Recognizing that some cultures and religions oppose homosexuality, an immigrant-rights advocacy group that endorsed the state's same-sex marriage law is working with its constituents to show the connections between immigrant rights and gay rights.
The request before OneAmerica was simple enough: Would the organization, whose mission is to advocate for immigrants, endorse and support the statewide campaign to legalize marriage for gays?
A diverse group of lawyers and social-justice activists, the 10-member board of OneAmerica weighed the proposal: Could the group justify such a partnership, given OneAmerica’s focus on immigration? Did it risk alienating constituents from cultures and religions where homosexuality is not only unaccepted, but the very idea of gay marriage is unheard-of?
And if they did endorse same-sex marriage, could they, in turn, count on gays for future support on tough immigration issues?
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Two groups whose struggles for recognition are often independently cast as the civil-rights issue of the day, gays and immigrants seldom share a political stage.
In the end, the board’s vote was unanimous. But the issues it raised and debated in considering that endorsement illustrate the sometimes tenuous nature of political alliances — particularly those built around divisive social issues.
OneAmerica assigned staff to talk to immigrants across the state about the similarities between their own experiences and those of gays and lesbians — with particular focus on more-conservative Eastern Washington, where the issue of gay marriage has traditionally been a tough sell.
Voters in November will decide whether to approve or reject a law passed earlier this year legalizing same-sex marriage in Washington.
Luis Fraga, a political-science professor at the University of Washington who chairs OneAmerica’s board, said immigrants have the potential for being among the most tolerant people when it comes to things like gay rights because their own differences can so often leave them victims of discrimination and marginalization.
“We recognized our (endorsement) might not be accepted by all members of a number of immigrant communities — just as it’s not accepted by some members of many different communities across the country,” Fraga said.
“But we were convinced that in aligning our support for marriage equality within our historical commitment to social justice for all, that those who might oppose marriage equality would, in time, fully accept what motivated us to join this effort.”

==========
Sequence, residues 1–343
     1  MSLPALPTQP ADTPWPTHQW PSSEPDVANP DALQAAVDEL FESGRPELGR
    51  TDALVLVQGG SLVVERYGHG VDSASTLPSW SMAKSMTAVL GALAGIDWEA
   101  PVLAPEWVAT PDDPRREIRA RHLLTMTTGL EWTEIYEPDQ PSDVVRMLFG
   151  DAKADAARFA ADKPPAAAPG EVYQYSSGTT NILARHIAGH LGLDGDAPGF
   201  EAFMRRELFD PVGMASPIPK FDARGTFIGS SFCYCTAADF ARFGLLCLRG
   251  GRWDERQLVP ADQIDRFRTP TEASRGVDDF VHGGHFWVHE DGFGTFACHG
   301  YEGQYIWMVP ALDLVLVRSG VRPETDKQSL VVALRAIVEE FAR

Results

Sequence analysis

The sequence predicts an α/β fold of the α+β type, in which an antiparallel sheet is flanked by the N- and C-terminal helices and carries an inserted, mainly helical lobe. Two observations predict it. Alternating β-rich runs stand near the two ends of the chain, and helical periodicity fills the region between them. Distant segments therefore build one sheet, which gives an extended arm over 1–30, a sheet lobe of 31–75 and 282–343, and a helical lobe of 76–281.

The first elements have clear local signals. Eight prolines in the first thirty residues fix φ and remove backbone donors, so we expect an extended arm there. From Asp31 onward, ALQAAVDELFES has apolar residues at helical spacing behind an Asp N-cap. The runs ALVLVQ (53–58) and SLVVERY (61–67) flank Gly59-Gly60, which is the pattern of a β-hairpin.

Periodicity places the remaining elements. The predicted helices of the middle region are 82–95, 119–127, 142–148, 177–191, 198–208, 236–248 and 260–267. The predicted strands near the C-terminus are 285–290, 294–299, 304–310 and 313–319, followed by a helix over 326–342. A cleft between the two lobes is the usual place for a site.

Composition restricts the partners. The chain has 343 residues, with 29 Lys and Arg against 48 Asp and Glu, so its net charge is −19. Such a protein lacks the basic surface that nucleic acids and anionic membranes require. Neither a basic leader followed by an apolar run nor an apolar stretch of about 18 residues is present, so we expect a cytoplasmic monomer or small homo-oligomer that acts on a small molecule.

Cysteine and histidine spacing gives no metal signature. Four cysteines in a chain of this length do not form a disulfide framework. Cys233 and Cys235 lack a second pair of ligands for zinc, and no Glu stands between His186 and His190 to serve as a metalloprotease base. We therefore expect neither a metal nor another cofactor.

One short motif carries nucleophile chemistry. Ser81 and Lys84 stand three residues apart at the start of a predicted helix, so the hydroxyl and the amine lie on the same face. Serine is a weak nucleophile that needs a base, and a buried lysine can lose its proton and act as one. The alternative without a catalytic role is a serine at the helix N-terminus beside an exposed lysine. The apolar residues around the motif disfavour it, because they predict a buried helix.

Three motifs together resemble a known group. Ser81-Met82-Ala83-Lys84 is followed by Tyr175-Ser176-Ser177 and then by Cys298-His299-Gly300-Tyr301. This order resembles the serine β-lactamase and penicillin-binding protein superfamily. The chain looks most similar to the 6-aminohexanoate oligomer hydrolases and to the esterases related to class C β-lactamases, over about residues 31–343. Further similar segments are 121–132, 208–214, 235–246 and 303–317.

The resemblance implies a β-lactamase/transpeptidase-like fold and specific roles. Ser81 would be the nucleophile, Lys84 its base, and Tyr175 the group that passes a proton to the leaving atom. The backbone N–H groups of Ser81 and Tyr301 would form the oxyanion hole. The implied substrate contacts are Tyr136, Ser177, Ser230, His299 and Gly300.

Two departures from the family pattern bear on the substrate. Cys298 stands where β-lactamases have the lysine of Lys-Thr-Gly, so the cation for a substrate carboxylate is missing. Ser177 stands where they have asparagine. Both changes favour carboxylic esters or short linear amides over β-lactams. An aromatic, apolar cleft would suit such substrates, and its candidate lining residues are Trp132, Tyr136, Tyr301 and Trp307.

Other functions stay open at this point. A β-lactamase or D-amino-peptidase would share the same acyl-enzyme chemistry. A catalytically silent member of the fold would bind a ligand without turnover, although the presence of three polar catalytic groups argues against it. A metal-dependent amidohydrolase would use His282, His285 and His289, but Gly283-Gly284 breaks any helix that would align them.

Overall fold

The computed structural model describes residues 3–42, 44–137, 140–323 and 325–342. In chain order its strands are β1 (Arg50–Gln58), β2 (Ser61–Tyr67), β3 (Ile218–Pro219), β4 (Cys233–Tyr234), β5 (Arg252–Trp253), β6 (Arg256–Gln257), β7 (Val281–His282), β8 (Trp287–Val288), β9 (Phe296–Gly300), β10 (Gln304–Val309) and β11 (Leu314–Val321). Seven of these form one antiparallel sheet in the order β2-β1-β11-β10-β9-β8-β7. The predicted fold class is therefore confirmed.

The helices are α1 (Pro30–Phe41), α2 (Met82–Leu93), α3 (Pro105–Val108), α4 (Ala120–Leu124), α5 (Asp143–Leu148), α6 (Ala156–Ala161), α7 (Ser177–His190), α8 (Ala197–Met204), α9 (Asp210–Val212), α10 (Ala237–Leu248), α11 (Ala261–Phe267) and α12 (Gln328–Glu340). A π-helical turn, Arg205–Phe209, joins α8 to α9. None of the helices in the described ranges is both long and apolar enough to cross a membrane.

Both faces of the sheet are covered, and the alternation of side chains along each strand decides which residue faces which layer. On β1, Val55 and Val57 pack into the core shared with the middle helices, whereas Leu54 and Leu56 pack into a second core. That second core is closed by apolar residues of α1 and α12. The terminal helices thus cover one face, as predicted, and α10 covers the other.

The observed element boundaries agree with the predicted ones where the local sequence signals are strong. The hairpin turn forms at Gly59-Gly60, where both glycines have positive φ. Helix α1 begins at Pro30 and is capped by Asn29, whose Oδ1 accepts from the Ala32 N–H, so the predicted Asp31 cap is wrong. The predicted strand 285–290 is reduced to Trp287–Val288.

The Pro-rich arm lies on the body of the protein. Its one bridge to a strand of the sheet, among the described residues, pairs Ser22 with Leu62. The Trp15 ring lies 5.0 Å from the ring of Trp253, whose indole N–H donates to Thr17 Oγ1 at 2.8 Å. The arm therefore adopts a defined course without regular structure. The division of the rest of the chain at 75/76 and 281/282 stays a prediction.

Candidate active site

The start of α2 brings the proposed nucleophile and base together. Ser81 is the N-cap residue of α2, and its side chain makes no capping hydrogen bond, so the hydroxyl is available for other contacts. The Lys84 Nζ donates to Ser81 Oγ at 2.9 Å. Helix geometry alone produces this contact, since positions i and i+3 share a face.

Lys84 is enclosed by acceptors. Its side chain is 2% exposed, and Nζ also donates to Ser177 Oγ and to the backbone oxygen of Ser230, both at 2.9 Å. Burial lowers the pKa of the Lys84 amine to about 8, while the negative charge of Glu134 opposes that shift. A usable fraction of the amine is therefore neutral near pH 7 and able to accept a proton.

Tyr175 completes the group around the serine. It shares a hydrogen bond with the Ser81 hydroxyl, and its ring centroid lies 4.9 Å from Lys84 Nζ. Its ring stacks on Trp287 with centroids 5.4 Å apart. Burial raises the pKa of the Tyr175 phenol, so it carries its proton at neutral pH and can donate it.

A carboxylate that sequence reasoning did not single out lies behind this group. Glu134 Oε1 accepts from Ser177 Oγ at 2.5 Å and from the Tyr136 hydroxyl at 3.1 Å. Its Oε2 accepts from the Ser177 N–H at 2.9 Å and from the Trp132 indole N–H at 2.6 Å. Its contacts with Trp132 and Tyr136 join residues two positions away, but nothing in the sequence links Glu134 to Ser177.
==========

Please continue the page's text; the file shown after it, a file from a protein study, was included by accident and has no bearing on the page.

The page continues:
That said, there are some who likely never will.
Abdullah Polovina, imam of the Islamic Center in Shoreline, encouraged other Puget Sound-area Imams this spring to circulate in their mosque petitions for Referendum 74, the ballot measure that will decide the fate of gay marriage in the state.
Members of his year-old mosque — 300 to 500 strong — are mostly Bosnian Muslims, who fled genocide during and after the Bosnian war in the early 1990s.
Polovina said OneAmerica’s position doesn’t reflect his own. In his home country, he said, homosexuality wasn’t “part of our tradition or rules” and be believes gays there were more emboldened to come out when issues of homosexuality were constantly in the media.
Polovina sees it as his duty as a religious leader to point out when someone is taking a wrong path and he believes it’s important that other leaders of faith not sit on the sidelines.
“Marriage is about reproduction between man and woman; it’s the natural order of things,” he said.
And he said he feels no particular constraint because he’s an immigrant. “I feel strongly that as citizens we have the right to raise our voice, give our opinion,” he said.
“If you don’t deal with politics, politics will deal with you.”
Americans are as divided over aspects of the nation’s immigration policies as they are over legalization of same-sex marriage.
Two liberal constituencies, gays and immigrants have each looked to the current administration to deliver for them what past administrations have not.